Reviewed by Ian Lipke
In Charlotte Bronte’s Jane Eyre we meet Edward Fairfax Rochester one January afternoon when his horse slips on ice and its rider is thrown. Rescued by the governess Jane Eyre, he becomes known for his brooding, taciturn manner while the story unfolds. In Mr Rochester, Sarah Shoemaker has given us an imaginative construction of the man’s life in the years preceding that tumble on the ice.
To write a story that will mesh seamlessly with Charlotte Bronte’s famous work takes a lot of courage and an equal amount of gall. It is not just a nineteenth century idiom that has to be mastered but also Bronte’s own style. Yet Sarah Shoemaker has succeeded and the world now has a story that is the equal of the Bronte creation. Think about that for a moment and consider what a breathtaking achievement that really is.
In Shoemaker’s fertile brain Rochester is a young boy whose father and older brother do nothing to show any love for him. At eight he is sent away to be educated in a thoroughly creative way by Mr Lincoln. Here he meets Touch, a young boy who leaves a lasting impression and Carrots, whose later life reveals his noble roots. After Lincoln, Rochester is sent to work in a mill and some years later is told that he must make his way to Jamaica and make a life for himself there. While living on this island Rochester meets the exotic but unstable Bertha Antoinette Mason and goes through a form of marriage service with her. Returning to England on the death of his father Rochester and his ‘mad’ wife inhabit Thornfield Hall where Bertha is confined. It is soon after this that Rochester meets the far from exotic Jane Eyre.
In substance Shoemaker’s story is a very feasible lead in to the Bronte classic. There is nothing in the content of Jane Eyre that was not explained by Shoemaker’s imaginative creation. However, nothing in Bronte’s original jarred as much as the downright foolish antics Shoemaker’s Rochester indulged in as he attempted to woo the hand of the governess. I found that while Chapter 14 and nearby chapters did follow the original text, the Shoemaker version lacked the magnificent prose of the earlier chapters. The gypsy in particular tried my patience severely. The fine touch of Charlotte Bronte was lacking. Jane Eyre, the governess, was ready to believe in Rochester’s love for her as a woman, while I saw a childish fool heavily in love with himself.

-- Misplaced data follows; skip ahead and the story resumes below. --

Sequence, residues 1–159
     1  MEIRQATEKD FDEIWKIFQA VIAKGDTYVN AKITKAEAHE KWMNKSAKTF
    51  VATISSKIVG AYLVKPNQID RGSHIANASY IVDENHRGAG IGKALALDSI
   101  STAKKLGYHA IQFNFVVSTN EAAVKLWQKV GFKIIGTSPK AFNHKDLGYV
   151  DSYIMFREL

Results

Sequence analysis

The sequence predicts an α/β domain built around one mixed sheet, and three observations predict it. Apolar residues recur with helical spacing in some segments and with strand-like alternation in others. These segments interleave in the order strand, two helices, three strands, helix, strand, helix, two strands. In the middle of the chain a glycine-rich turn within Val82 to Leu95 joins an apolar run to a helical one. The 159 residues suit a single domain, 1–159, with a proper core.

But the two creations – Rochester as a boy and a mature young man on the one hand and Rochester in the role of suitor – are not mildly different but cataclysmically so. The initial two thirds of the book is told in convincing, enjoyable and stirring prose that never lets the reader down. It is faultlessly written and has a narrative that is convincing and bold. By contrast, the latter part of the book is inadequate.
The characters inhabiting Rochester’s childhood are warm and generous caricatures. With the exception of Rochester’s father and elder brother, who are rotten to the core villains, they do no harm, each in his or her own way contributing values to the young boy that will stand him in good stead. Mr Lincoln is clearly well versed in the ‘doing rather than telling’ school of learning and his immersion method of teaching a foreign language works well with Rochester. Mr Wilson, the mill owner, is vastly different except in the area of knowledge of his trade. In this he is as knowledgeable as Lincoln is in educating young men.
Rochester’s father is a character not often seen in fiction. Opinions of him vary reader by reader and according to how far into the book readers have progressed. His reasons for making over land in Jamaica are not as the reader might suspect. He is an interesting psychological study. Obviously a self-made man he yet is content to demand virtually nothing from his elder son except that he enjoy the unearned life of a lord. His hatred of his younger son borders on the pathological, but no reason is revealed.
Wisely, Shoemaker stays away from a detailed analysis of Jane Eyre. This is Emily Bronte’s territory. Jane Eyre has to be part of Rochester’s story. Her character, indeed her impact on the flow of the Shoemaker creation, are muted.
My enjoyment of this novel cannot be severed from my admiration for the courage it took to create a childhood and young adult history of such a well-known character. While envious of Sarah Shoemaker’s success, I am with C. J. Dennis. I, too, dips me lid!
Thoroughly recommended! A great read!
By Sarah Shoemaker